Short-term Government Funding Keeps CHIP Afloat, Barely

Alicia Ault

December 08, 2017

Congress has passed a measure that will keep the federal government funded through December 22 and to make it possible for some states that were running out of money for their Children's Health Insurance Program (CHIP) to keep operating, at least through the end of the year.

But many Democrats voted against the bill (H.J.Res.123), known as a continuing resolution (CR), because it did not offer long-term solutions for many issues, including payments owed to insurers under the Affordable Care Act (ACA) and a more permanent reauthorization of CHIP, which covers 9 million children and 370,000 pregnant women each year.

"I voted no because there are too many things left undone," said House Minority Leader Steny Hoyer (D-MD) in a speech after the bill passed. "I voted no because the American people expect us to get our work done, and not sit and twiddle our thumbs while Rome is burning," he said.

Without the new CR, the government was due to shut down at midnight on December 8. In addition to needing to make that deadline, lawmakers have been scrambling to figure out how to get their priorities included in end-of-year legislation. The CR — typically used to fund government operations instead of an actual budget — is often a vehicle for those priorities.

The House voted 221-193 (with only 14 Democrats in favor, and just 18 Republicans against) to approve the CR, while the Senate voted 81-14 for the bill. It now goes to President Trump, who is expected to sign the legislation.

Small Reprieve for CHIP

The CR included a technical change that will allow the Centers for Medicare & Medicaid Services to funnel funds to state CHIP programs that are due to run out of money at the end of the year. But it did not adopt a 5-year extension of CHIP, which has been approved by the House and backed by medical societies and patient advocates.

A coalition of children's advocacy organizations — including the American Academy of Pediatrics, the Children's Defense Fund, and the Children's Hospital Association — expressed their disappointment to Congress about the short-term fix. "Confidence in the program's future cannot be restored with stopgap measures, and these Congressional delays jeopardize the long-term stability of this lifeline for children," they said. "Congress must act NOW to enact the strong five-year extension of CHIP as supported by both the House and Senate, free of harmful offsets, to avoid compounding the damage already done in states and to children and families," said the organizations.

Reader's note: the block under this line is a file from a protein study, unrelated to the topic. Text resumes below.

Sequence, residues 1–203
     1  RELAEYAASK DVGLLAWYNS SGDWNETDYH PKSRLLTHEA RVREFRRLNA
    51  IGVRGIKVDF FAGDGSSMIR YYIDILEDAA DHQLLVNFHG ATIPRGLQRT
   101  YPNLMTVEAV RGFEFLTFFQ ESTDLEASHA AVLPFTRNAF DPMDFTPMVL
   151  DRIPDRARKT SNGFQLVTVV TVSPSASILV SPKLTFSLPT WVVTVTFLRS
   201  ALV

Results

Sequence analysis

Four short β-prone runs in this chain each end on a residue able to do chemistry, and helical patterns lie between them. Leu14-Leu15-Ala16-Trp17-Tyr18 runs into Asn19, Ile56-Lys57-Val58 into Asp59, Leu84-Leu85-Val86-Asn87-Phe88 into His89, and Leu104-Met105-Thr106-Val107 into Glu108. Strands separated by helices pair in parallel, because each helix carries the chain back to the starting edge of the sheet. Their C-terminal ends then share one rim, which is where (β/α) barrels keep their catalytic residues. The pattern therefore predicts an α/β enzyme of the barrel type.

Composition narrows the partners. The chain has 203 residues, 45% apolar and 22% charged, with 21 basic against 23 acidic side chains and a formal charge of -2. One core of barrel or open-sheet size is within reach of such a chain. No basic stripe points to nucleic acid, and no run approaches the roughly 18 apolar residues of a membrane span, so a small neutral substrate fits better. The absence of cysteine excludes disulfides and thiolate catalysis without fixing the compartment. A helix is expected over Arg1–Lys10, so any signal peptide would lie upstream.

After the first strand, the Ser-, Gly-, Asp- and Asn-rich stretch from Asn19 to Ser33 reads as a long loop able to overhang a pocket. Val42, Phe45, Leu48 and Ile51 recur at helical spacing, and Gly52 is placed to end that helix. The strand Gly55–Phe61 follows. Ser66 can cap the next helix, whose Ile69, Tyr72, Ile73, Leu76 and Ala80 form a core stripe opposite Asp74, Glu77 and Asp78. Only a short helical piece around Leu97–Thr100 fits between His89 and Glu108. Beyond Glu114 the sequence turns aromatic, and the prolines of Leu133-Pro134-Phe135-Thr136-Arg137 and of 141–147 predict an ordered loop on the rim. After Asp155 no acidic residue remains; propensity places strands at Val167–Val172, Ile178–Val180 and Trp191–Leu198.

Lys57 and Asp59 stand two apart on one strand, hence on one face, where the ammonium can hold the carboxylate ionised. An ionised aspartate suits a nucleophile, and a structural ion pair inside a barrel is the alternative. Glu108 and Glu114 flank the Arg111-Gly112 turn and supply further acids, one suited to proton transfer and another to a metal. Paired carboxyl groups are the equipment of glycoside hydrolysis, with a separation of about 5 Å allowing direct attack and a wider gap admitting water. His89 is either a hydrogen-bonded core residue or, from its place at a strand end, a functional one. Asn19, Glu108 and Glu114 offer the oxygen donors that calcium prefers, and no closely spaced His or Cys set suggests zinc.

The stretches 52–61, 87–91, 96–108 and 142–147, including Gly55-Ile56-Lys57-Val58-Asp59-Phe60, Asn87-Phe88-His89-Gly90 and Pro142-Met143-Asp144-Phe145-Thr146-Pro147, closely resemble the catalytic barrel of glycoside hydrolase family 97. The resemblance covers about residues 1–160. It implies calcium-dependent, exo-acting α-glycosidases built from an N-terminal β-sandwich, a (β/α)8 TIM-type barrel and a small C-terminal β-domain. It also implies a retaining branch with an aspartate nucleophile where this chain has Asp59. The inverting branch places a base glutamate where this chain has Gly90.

Frederick Isasi, executive director of Families USA, said that many states will still be trying to figure out how to keep their programs going after the New Year. "Already, Colorado has notified families CHIP will shut down by January 31 if Congress doesn't act," said Isasi in a statement. "In early 2018, families in Pennsylvania, Texas, Utah, Virginia, and Washington may receive similar notices as these states are expected to run out of funds for their programs."

Even Republican lawmakers expressed frustration with the inability to extend CHIP.

"It's frustrating to see states forced to rely on this stopgap funding to pay for CHIP when the House passed a fully funded, five-year extension of this essential program last month," said Energy and Commerce Committee Chairman Greg Walden (R-OR) and Health Subcommittee Chairman Michael C. Burgess, MD (R-TX) in a statement. "In the meantime, bipartisan, bicameral discussions continue so we can swiftly reach an agreement on a broad package to extend funding for CHIP, Medicare extenders that seniors rely on, and other vital public health programs. Patients have been waiting for far too long. We need to get this done."

Fight Begins Anew December 18

Lawmakers will have another chance to reauthorize CHIP before the end of the year, as they will have to vote again on a short-term funding bill or a permanent budget bill before December 22.

In addition to the CHIP extension, Democrats said they are still looking to get a permanent legislative solution for undocumented immigrant children who have been admitted into the United States under the Deferred Action for Childhood Arrivals (DACA) program. That program expires in March.

Democratic lawmakers are also hoping to increase funding to combat the opioid epidemic and to secure payments to insurers — known as cost-sharing subsidies — to cover low-income ACA enrollees.

Conservative Republicans, however, vowed that neither the DACA fix nor continued cost-sharing payments would be included in the next spending bill, according to multiple media reports..

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